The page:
Here’s a special post written by my husband, Ben. This is his story.
A single set of car headlights could be seen bobbing up and down on a remote dirt road at midnight. Our jeep jolted over every bump as it raced through the night. My parents were driving me to Heri Adventist Hospital in remote Tanzania. I had appendicitis and needed immediate attention. My only hope was a surgeon named Dr. Alvin Rocero, the only person within hundreds of miles that could perform such a surgery. The journey was not a comfortable one, and each bump caused a sharp pain in my lower abdomen.
After several hours, we arrived and Dr. Rocero was there to meet us. We were so grateful that he and his team were willing to receive us so late at night. The staff performed the necessary blood tests and confirmed that I had an elevated white blood cell count. I remember being wheeled into the operating room and after the anesthetic, blackness.
I awoke the next morning, blurry eyed and confused, but grateful to be alive. The appendectomy had been successful. A four inch incision, complete with stitches, marked the lower right side of my abdomen, since the materials for a laparoscopic appendectomy were not available in rural Tanzania. As I lay there in the hospital, I watched the medical staff come and go. I saw the incredible needs that they met with limited personnel and equipment. I saw the love with which they served people they did not even know, treating each patient with the utmost care.
Five months later, I injured my knee while playing rugby at my boarding school in Kijabe, Kenya. I underwent a successful arthroscopic surgery at Kijabe Mission Hospital. Unfortunately, thirty minutes after the operation, I began to get a severe headache. The pain escalated until it was unbearable. I do not remember what happened after that, but the hospital staff said that my fever spiked and I slipped into a coma. My condition worsened by the minute, and the doctors thought that I was going to die. They called my parents, telling them to get on the next flight from Tanzania to Kenya because they did not think that I was going to survive. However, they performed a spinal tap and discovered that my cerebral spinal fluid was a milky color. Doctor Myrick immediately suspected meningitis and started me on intravenous antibiotics. His quick decision saved my life. Thirty minutes after they administered the antibiotics, I snapped out of the coma and began to recover.
In the span of six months, I had endured much pain and suffering and almost died twice. It had not only affected me physically, but also mentally and emotionally. I realized how fragile life is and how quickly it can be lost. As I recovered in those mission hospitals, I had ample time to reflect on this and to observe the personnel who worked there. They had not only administered to me with loving care but also to everyone else. These people dealt with stressful situations every day. They were either paid too little or not at all. Many of them had sacrificed lucrative practices in the United States to come and voluntarily serve thousands of medically underprivileged people. Yet, they treated each patient with the dignity and respect that every human life deserves. Just because the services were free or at expense costs did not mean that they did the bare minimum. These people went above and beyond. They saw me. Not just whether I needed another antibiotic injection, or an IV bag, but they saw the trauma that I had gone through. They took compassion on me. They would talk to me to make sure that I was doing OK. They noticed when I was confused about something and clarified it until I understood. They exhibited the often-forgotten part of caring for people—to actually care about them. Many medical professionals can easily give a good first impression based on their physical appearance. However, all of that can be quickly forgotten if they are aloof, uncaring, and insensitive. People want to know that doctors care. They want to see it in tangible ways. It is a life-long journey of learning how to become a more compassionate and caring healthcare provider. I believe that is what separates the great doctors from the mediocre doctors.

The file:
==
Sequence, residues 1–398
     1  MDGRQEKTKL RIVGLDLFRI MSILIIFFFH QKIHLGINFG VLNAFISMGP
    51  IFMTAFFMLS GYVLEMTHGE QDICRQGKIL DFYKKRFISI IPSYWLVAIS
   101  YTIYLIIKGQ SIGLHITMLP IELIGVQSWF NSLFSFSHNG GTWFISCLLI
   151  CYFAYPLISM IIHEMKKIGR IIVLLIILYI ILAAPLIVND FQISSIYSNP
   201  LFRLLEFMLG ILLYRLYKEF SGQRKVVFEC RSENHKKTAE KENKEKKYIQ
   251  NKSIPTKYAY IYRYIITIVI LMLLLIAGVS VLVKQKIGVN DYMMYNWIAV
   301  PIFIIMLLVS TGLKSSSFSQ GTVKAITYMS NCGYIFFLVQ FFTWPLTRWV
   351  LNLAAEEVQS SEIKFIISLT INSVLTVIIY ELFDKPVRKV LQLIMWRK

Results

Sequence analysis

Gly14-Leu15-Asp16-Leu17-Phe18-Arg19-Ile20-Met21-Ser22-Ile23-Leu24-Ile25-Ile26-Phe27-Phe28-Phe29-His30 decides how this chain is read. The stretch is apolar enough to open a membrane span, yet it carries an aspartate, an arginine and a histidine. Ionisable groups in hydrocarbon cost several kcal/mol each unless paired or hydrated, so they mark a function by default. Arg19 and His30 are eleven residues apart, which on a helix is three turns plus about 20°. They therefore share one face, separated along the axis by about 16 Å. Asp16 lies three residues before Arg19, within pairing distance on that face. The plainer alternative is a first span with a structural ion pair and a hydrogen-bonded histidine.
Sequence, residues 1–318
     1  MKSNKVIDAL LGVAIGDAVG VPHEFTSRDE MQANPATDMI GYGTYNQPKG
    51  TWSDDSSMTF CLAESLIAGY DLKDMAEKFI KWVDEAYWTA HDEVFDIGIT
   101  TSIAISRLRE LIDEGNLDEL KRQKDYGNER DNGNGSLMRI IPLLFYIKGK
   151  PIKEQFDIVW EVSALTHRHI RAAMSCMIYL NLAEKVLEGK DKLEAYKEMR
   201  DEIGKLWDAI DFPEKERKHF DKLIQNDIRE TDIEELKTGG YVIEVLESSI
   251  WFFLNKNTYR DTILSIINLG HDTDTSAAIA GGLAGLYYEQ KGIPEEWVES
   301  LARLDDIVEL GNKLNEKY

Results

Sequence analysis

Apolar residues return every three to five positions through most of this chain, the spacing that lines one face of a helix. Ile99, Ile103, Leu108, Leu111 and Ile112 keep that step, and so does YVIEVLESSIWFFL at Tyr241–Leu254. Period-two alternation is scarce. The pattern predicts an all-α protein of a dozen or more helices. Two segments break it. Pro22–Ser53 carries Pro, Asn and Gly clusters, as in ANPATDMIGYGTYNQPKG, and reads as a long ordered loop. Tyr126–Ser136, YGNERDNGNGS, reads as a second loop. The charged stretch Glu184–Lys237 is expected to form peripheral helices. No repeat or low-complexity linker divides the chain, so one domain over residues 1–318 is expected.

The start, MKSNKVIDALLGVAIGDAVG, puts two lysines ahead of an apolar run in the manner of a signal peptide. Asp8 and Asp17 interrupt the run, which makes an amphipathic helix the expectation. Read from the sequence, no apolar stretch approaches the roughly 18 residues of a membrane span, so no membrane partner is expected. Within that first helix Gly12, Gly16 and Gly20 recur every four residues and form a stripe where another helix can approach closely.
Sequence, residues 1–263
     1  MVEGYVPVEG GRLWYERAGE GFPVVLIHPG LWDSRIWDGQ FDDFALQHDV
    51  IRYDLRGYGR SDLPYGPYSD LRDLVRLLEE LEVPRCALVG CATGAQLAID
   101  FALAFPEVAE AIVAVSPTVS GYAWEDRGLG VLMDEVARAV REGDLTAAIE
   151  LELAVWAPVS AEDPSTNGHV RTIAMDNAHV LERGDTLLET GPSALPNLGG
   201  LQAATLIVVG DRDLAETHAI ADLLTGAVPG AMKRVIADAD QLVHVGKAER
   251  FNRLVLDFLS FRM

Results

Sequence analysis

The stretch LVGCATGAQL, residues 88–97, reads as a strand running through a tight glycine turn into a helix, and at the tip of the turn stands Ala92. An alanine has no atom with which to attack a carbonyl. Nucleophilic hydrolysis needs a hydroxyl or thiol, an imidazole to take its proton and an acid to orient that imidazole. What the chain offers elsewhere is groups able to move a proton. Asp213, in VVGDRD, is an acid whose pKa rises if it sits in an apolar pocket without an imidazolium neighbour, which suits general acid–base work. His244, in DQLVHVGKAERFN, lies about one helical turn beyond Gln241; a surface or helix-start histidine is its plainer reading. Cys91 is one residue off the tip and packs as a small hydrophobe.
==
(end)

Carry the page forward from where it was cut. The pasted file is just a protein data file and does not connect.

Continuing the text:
Living through these experiences inspired me to become a doctor, a compassionate and caring doctor. I want to be a physician who can care for physical ailments and conditions, but also someone who can empathize with the hurt, the confusion, the pain, the stress, the unknown, the chaos, the unfair, and the loss that patients in hospitals experience every single day. There will be many tough cases that I will face daily. There will be many demands that are placed on me. People will be difficult. Patients will be ungrateful. Technology will become frustrating. Co-workers will not cooperate. Even though all of these things will happen, I will choose every single day to see the needs of people, not just their physical needs, but their emotional and spiritual needs as well. I want to comfort the person who is crying, to acknowledge the one who feels lonely, and to clarify when I see confusion in someone’s eyes. I want to be there when someone’s world is falling apart. Being a compassionate and caring doctor is a lifelong process. It is part of being a true professional; a professional who cares.